How a Yale Prof’s Defense of Offensive Halloween Costumes Reveals a Hostile Campus Climate for Students of Colour

Yale Law School (Photo credit: Wikipedia)
Yale Law School (Photo credit: Wikipedia)

This country’s prestigious colleges and universities have a serious race problem.

At the University of Missouri, student athletes have walked off the sports field in solidarity with other students of colour protesting numerous racially intolerant incidents, including Black students enduring racial slurs on the streets and a residence hall being defaced with feces in the shape of a swastika. At UCLA, a student was photographed attending a Halloween party in Blackface, only the latest of such incidents that occur annually. Multiple lawsuits alleging North Carolina Central University, University of Illinois, and St. Mary’s College created racially discriminatory environments for faculty and students of colour. University of Oklahoma Sigma Alpha Epsilon (SAE) members were videotaped in March singing one of the frat’s traditional songs that describes a lynching, and SAE frat members reportedly subjected a Black student to racist slurs at Duke University.

At Yale University, SAE members threw a “Whites Only” party last week with students reporting on social media that a person posted at the door of the party turned away visibly minority Black and Latino students, as well as someone rejected as “gay”, and openly said the party was only admitting “White girls”. Just days later, Professor Erika Christakis (wife of the Master of Silliman College) emailed Silliman residents with a jaw-droppingly tone deaf defense of offensive Halloween costumes. In her digital screed, Christakis lamented university “censure” of racist behavior, and argued that Halloween should be a time when offensive transgressions should be celebrated. She questioned if it was really “appropriative” for a White child to engage in racial cross-dressing as Mulan (yes), and if she was engaging in fetishism when she purchased a sari — because it was “beautiful” — on her last trip to Bangladesh (also, yes).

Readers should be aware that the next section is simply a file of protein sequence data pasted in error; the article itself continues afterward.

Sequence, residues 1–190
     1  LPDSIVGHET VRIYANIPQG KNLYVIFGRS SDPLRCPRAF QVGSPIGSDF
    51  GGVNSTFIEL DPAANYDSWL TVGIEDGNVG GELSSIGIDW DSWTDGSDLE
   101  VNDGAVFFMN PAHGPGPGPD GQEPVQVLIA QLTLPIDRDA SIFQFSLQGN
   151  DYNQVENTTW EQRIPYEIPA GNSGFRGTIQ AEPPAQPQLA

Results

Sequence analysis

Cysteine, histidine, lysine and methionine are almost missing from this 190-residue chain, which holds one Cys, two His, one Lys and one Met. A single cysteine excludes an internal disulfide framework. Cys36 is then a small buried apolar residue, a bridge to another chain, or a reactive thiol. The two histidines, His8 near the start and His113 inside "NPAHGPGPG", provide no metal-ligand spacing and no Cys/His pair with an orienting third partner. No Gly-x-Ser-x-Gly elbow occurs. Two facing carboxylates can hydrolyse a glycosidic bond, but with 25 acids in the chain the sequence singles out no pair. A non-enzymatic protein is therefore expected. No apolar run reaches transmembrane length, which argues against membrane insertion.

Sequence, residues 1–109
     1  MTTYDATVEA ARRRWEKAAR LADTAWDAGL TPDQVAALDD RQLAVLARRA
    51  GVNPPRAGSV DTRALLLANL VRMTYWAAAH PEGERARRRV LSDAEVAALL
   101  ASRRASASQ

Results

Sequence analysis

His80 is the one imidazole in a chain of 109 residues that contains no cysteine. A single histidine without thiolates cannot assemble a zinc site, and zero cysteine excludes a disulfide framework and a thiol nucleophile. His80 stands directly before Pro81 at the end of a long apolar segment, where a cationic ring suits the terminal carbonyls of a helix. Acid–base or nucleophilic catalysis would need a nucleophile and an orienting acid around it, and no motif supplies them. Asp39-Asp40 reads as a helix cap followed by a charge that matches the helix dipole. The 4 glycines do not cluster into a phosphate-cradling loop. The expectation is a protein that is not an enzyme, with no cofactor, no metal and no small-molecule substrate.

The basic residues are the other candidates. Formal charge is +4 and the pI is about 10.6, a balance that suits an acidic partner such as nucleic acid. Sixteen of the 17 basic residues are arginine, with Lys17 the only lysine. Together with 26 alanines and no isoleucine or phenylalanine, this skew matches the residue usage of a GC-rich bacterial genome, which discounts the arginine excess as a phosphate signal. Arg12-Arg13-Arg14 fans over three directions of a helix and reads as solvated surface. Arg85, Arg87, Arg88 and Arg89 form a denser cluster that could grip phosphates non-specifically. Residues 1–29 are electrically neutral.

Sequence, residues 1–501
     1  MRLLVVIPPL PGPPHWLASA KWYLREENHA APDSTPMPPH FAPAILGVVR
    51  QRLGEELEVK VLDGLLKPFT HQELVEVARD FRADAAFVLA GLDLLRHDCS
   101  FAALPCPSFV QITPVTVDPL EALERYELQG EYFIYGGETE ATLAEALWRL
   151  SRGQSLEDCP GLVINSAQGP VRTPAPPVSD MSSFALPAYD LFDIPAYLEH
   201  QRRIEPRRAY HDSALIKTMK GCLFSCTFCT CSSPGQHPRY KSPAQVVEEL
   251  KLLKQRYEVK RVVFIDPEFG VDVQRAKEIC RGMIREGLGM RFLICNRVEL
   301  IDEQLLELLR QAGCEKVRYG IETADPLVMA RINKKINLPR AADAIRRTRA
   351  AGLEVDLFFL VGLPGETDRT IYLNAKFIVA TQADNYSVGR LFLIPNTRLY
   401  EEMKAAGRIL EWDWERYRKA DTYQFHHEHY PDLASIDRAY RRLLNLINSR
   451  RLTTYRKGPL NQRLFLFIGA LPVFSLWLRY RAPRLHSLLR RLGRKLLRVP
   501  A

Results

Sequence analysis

In a head-spinning display of White privilege, Christakis wrote: “Am I fetishizing and appropriating other people’s cultural experiences? Probably. But I really like them, too.”

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